Media Matters: Amplify Results with a Better Marketing Mix
Tips for spending your media dollars wisely and effectively reaching your target customers.
In marketing, as with anything else in business, putting all your eggs in one basket can be dangerous. However, with the number of channels and types of media available for you to reach customers, there is also a danger of putting your marketing eggs in too many baskets.
The key to ensuring that you are effectively investing marketing resources is in the media mix.
A media mix is the combination of channels your business uses to communicate with customers and prospects. Channels for small businesses include both digital (social media organic and paid campaigns, online video, search engine marketing, etc.) and traditional media (TV, print, radio and outdoor/billboards).
Choosing the right mix of these channels depends first and foremost on what you can afford and what your goals are.
Determine your needs
There are three main stages of customers’ purchase decision-making process—awareness, adoption and loyalty. Determining what stage you are focusing on should impact how you spread out your resources. For example, if you are moving your location or launching a new product or service, you are in the awareness phase and you are going to want to put your company’s name in front of your target customers in the most efficient way possible. This could include billboards, TV, video or other mass media channels.
After the awareness stage, prospects who move to the adoption phase are ready to make a purchase. To reach this group, you want to invest in channels that make it as easy as possible for the prospects to find and buy from you. To attract prospects online, this would include retargeting, Google AdWords and search engine marketing.
If your goal is to increase customer loyalty, then social media and social advertising might make up a larger percentage of your mix.
Allocating your marketing spend
Many experts agree that spreading your marketing resources across as many media platforms as possible is not the most effective strategy.
“There is no one-size-fits-all solution and there is no ideal marketing mix for every single company,” says Jon Vogel, founder and partner of 215 Marketing, a Philadelphia-based marketing firm. “We don’t always recommend a multi-platform marketing mix. Sometimes you can stick to one or two channels, instead of marketing across seven or eight, because there is a higher or denser return rather than shotgunning dollars across a bunch of channels and hoping for the best.”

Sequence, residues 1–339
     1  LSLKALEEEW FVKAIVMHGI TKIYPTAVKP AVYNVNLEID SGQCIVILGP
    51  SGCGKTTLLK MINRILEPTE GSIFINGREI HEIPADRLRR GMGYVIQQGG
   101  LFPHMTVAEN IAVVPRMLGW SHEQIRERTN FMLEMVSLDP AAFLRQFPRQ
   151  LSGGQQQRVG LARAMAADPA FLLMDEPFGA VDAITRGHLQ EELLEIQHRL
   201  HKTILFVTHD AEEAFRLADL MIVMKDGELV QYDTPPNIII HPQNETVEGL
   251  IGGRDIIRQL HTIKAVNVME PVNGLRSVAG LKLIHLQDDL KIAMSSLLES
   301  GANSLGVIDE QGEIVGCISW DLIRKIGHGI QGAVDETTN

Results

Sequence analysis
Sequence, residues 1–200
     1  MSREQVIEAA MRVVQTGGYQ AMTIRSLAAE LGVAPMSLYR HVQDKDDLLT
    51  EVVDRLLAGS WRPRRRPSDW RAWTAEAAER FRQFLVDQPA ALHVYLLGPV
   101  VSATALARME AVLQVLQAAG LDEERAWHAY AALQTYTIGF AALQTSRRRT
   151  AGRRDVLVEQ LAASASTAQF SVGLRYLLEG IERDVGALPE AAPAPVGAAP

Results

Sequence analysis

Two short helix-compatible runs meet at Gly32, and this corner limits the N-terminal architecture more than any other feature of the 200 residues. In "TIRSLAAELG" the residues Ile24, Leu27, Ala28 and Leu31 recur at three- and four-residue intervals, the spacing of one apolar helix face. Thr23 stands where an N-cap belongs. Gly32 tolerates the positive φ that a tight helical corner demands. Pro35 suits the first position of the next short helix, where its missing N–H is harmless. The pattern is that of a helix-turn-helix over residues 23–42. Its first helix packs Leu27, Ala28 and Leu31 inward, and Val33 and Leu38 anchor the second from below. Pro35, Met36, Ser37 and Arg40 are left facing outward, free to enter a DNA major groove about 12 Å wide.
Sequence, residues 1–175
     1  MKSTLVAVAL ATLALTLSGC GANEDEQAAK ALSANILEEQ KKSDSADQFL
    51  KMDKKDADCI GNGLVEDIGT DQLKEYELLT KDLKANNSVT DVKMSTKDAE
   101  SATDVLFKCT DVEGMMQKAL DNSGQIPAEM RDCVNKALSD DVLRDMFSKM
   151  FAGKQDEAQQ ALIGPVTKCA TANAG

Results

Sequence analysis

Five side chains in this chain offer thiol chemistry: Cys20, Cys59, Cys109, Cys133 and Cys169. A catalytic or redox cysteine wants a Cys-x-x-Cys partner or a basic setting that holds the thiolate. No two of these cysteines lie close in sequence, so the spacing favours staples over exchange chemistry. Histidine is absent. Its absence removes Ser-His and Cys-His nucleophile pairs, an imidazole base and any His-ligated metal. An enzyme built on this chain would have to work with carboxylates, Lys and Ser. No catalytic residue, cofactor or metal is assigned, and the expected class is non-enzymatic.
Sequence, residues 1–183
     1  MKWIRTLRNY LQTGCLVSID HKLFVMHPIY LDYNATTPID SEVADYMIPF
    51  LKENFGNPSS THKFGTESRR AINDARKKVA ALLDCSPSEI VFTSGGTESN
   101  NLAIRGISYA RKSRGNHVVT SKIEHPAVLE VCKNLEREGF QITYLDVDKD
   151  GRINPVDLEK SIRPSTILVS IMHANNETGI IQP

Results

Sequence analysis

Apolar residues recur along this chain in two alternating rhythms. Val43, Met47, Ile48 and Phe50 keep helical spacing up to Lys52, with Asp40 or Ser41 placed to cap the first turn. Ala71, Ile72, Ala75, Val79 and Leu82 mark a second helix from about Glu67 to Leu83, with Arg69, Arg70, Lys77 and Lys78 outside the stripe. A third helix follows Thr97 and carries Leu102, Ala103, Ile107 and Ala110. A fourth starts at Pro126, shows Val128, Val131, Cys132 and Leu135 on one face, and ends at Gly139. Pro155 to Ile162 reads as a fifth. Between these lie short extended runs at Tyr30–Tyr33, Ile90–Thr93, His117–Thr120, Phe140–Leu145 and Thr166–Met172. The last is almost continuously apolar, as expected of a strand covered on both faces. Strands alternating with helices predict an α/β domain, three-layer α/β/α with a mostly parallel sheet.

The ideal mix varies depending on your type of business (B2B or B2C), industry and location. The target demographic is another key factor in determining what channels would give you the most ROI. For example, Generation X accounts for the most traffic in video-on-demand and television, so you may want to allocate more money toward video channels, if that is your target audience. While video is also a very effective channel for reaching Millennials, one-third of people in this age range say social media is their preferred communication channel.
Evaluating the effectiveness of your mix
“You never want to go all in with your budget on anything you do, right away,” says Vogel. “You want to spend some of your budget to start, check the ROI, and then if you need to crank up the efforts, you have a buffer and can afford to do so.”
When is the best time to compare how much you’ve spent on media to how much has been returned? According to Vogel, the answer is always to keep tabs on your mix’s performance and don’t wait for the end of a quarter or the end of a contract. Check in on the campaign results every two weeks. If you try to measure ROI before the two-week mark, you may not be giving users enough time to get involved with, or respond to, the marketing or advertising piece.
If you are trying a channel for the first time and don’t have historical data on how your marketing efforts through that channel performed, you can better predict effectiveness by researching the audience. You can research demographic information (such as age, location and gender) and psychographic information (such as interests, lifestyle and attitudes). And, if you are considering digital advertising, you can research audience analytics and do keyword research to get an idea of the pool of people who will be viewing your ads.
Just as there is no one-size-fits-all media mix, there is no mix that can be ideal forever. As technology, demographics and your own business change, so should the allocation of your marketing dollars.
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Use a test-review-and-revise approach to creating your marketing mix. Allocate some of your budget to specific media channels to start, check the ROI on that investment, and if you want to change course with a campaign or increase the effort, you can afford to do so.